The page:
So why should we care?
Simply put, aluminum attacks our central nervous system. The Department of Neurology and Psychiatry at Saint Louis University states that aluminum may cause liver toxicity and lead to degenerative symptoms, including Alzheimer’s Disease (Brenner, 2013). While additional research shows this that it may be
be linked to onset of Alzheimer’s Disease; the FDA argues it does not. Meanwhile, the University of California studies shows it is linked to brain inflammation and brain disease (Bondy, 2010). Studies show that toxic metals contribute to brain diseases by producing oxidative stress and aluminum is one of the worst offenders (Kumar, 2009).

Did you know? (Oct 2013) New research from the UK found that a range of well known brands of baby formula sold contains 100 x more aluminum than breast milk (published in the journal BMC Pediatrics, examined 30 types of formula sold in the UK, including infant first milks and toddler milks.)

What about aluminum in antiperspirants? Is it linked to breast cancer?
Aluminum-based compounds are used as the active ingredient in antiperspirants; which basically clog the pores so that you do not sweat. Deodorants, on the other hand, have the main duty of preventing odor; they do not stop perspiration.

At the time of my research, there was insufficient scientific evidence to support a claim that use of cosmetics such as antiperspirants increase an individual’s risk of developing breast cancer. Researchers at the National Cancer Institute (NCI), a part of the National Institutes of Health, are not aware of any conclusive evidence linking the use of underarm antiperspirants or deodorants and the subsequent development of breast cancer. The U.S. Food and Drug Administration (FDA), which regulates food, cosmetics, medicines, and medical devices, also does not have any evidence or research data that ingredients in underarm antiperspirants or deodorants cause cancer.

2001 Study –  Linking Aluminum to Breast Cancer Cells
This study suggested that aluminum has estrogen-interfering effects and could increase the risk of breast cancer. This study also showed that the amount of aluminum absorbed through the skin from antiperspirants is 40 times less than average daily exposure from food and water.

Because estrogen has the ability to promote the growth of breast cancer cells, some scientists have suggested that the aluminum-based compounds in antiperspirants may contribute to the development of breast cancer (Darbre, 2005).

This preliminary study showed that the use of aluminum chlorohydrate, the active ingredient in many antiperspirants, does not lead to a significant (vs. ingestion via diet) increase in aluminum levels in the body with one-time use (Flarend, 2001).

2002 Study  – Time of Applying Antiperspirant/Deodorant After Shaving
This study also did not show any increased risk for breast cancer in women who reported using an underarm antiperspirant or deodorant. The results also showed no increased breast cancer risk for women who reported using a blade (nonelectric) razor and an underarm antiperspirant or deodorant, or for women who reported using an underarm antiperspirant or deodorant within 1 hour of shaving with a blade razor. These conclusions were based on interviews with 813 women with breast cancer and 793 women with no history of breast cancer (Mirick, 2002, cancer.gov).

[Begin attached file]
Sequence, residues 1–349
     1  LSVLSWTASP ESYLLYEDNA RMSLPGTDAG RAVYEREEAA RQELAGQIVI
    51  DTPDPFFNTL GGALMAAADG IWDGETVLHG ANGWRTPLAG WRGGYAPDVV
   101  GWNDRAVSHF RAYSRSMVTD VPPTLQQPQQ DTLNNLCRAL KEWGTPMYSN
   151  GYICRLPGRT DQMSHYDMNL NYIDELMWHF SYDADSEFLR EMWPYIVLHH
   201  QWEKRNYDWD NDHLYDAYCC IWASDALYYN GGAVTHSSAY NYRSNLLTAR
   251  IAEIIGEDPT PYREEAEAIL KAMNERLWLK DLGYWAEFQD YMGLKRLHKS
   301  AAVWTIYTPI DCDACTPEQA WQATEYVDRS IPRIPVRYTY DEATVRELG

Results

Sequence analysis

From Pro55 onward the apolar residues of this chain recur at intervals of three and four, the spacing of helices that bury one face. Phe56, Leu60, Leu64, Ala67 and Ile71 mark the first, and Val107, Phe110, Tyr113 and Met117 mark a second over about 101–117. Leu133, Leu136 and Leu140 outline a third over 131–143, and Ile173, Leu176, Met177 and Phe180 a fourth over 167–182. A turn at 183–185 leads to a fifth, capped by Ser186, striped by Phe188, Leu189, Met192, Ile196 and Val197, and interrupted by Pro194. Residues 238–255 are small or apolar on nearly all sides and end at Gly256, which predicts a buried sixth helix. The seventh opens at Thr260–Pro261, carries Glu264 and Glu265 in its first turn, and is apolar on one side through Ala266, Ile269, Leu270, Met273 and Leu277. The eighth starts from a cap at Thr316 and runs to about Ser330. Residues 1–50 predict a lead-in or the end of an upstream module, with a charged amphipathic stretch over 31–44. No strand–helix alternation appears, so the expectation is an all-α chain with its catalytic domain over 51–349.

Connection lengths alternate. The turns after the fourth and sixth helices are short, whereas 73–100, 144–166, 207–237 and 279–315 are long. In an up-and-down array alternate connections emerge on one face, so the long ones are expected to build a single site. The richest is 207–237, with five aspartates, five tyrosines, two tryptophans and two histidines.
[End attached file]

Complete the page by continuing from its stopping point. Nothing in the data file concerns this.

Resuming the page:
2003 Study – Shaving Frequency & Antiperspirant/Deodorant Use
Findings from a different study examining the frequency of underarm shaving and antiperspirant/deodorant use among 437 breast cancer survivors were released in 2003 (McGrath, 2003). This study found that the age of breast cancer diagnosis was significantly earlier in women who used these products and shaved their underarms more frequently. Furthermore, women who began both of these underarm hygiene  habits before 16 years of age were diagnosed with breast cancer at an earlier age than those who began these habits later. While these results suggest that underarm shaving with the use of antiperspirants/deodorants may be related to breast cancer, it does not demonstrate a conclusive link between these underarm hygiene habits and breast cancer (cancer.gov).

Photo Source: nichropulse.com
Photo Source: nichropulse.com

2006 Study – Antiperspirant Use on Women With & Without Breast Cancer
Researchers examined antiperspirant use and other factors among 54 women with breast cancer and 50 women without breast cancer. The study found no association between antiperspirant use and the risk of breast cancer; however, family history and the use of oral contraceptives were associated with an increased risk of breast cancer (Fakri, et. al., & 2006; cancer.gov)

What does the FDA say about its use in body and skin care products?

The FDA views aluminum as GRAS; generally recognized as safe. While the FDA acknowledges that small amounts of aluminum can be absorbed from the gastrointestinal tract and through the skin; the overwhelming mass of toxicity data available does not indicate any risk of harmful effects from using any cosmetic products that contain aluminum.

The FDA now requires all antiperspirant products to include a warning statement that advises people with kidney disease to consult a physician before using the product.

Aluminum powder is FDA approved as safe for use for coloring cosmetics.When used in a cosmetic product, per FDA regulations, the safety of the ingredient must be substantiated by the manufacturer of the product. When the ingredient is used as an over-the-counter (OTC) drug active ingredient, such as in antiperspirants, a manufacturer can only use the aluminum active ingredients that have been approved as safe and effective by the FDA in the OTC antiperspirant monograph and these products can only be used according to the guidelines established in this monograph.

So what is the alternative to aluminum-based antiperspirants?
Surprisingly, there are quite a few products on the market today that do not contain parabens or aluminum in deodorants and antiperspirants. Look for items in the “natural” section of your grocery store or online and read the ingredients. Look for products that are aluminum-free. Some natural deodorants and antiperspirants ingredients include any combination of mineral salts, potassium alum, baking soda, arrow root powder, witch hazel, essential oils.